I would tell an incoming student to focus on research and collaborate with others in the program as much as you can. Such great ideas can be developed with your peers! Also, I would advise a new doctoral student in the program to get involved early with a variety of studies and go to conferences. Students need to go to conferences early in their doctoral program to network, and they need to submit to journals and conferences as much as they can to gain experience and learn about new opportunities in the field.

Adult Learning

Steven earned a PhD in educational psychology and research with a concentration in the Adult Learning (formerly Adult Education) program in 2007. He is originally from Altoona, PA and currently lives in Cookeville, TN. We asked him to reflect on past experiences with EPC and discuss where he’s at now. Read his responses below.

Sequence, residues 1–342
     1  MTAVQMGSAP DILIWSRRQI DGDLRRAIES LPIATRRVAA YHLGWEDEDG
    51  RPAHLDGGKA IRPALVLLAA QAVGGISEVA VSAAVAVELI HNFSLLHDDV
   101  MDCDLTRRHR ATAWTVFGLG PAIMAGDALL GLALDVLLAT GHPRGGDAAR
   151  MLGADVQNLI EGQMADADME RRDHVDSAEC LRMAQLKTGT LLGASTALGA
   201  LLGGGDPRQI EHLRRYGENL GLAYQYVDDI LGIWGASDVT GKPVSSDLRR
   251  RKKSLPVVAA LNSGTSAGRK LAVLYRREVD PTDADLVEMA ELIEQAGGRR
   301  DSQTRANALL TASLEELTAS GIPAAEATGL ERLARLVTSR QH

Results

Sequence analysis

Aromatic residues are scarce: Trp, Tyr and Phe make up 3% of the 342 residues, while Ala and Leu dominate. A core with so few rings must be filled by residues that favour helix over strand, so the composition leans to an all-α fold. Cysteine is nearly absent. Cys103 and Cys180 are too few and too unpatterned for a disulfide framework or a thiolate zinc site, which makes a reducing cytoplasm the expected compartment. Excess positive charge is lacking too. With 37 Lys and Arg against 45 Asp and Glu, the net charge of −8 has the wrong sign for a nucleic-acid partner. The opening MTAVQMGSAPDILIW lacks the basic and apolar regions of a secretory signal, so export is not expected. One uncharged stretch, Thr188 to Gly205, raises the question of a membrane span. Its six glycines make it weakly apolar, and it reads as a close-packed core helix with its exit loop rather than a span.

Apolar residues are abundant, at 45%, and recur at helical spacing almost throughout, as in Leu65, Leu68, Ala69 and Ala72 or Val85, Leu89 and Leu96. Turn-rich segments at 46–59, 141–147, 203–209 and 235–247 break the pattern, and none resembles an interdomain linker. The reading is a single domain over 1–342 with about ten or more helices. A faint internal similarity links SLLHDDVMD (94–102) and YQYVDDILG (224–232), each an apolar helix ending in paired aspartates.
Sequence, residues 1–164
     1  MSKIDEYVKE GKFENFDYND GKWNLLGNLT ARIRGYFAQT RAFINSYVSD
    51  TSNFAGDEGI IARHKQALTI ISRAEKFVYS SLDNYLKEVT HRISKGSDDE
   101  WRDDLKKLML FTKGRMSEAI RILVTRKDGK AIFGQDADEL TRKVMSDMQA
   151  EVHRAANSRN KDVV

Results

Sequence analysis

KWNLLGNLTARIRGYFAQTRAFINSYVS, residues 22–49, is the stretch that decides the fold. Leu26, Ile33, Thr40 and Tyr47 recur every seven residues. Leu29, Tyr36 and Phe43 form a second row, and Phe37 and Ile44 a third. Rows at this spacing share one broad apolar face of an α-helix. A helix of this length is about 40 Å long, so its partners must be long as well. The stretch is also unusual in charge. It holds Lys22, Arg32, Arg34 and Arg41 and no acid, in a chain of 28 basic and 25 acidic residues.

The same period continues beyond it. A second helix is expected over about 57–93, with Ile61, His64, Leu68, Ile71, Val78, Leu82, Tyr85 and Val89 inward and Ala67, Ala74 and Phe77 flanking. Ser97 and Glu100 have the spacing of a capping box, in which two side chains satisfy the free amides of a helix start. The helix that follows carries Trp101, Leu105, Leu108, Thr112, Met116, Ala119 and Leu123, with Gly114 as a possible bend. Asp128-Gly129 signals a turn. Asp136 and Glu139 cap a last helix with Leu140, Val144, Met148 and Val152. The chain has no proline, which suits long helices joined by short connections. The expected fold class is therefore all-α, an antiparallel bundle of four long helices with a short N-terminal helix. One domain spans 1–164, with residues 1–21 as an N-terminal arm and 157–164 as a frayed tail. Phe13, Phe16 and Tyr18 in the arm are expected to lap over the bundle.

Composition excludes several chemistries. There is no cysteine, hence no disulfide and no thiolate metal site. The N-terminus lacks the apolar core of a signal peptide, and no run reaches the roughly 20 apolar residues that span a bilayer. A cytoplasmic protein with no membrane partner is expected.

Current Occupation

Associate Professor & Interim Director
School of Interdisciplinary Studies
Tennessee Tech University (TTU)
Cookeville, TN

Interdisciplinary Studies majors create a customized/personalized major built upon two emphasis areas. Because of the nature of our department, I have the opportunity to teach a variety of courses: Adult Learning; Critical Thinking and Problem Solving; Introduction to Religious Studies; Introduction to Honors; Academic and Community Connections (a summer course for student-athletes); Introduction to the University Experience (freshman student-athletes); and even an honors colloquium – Intro to Ancient Greek!

Awards and Accomplishments Earned as a Student
  • #1 – Finished my Dissertation!!
  • Phi Kappa Phi – 2007
  • Chair of the Graduate Student Group, American Association for Adult and Continuing Education
Accomplishments since Graduating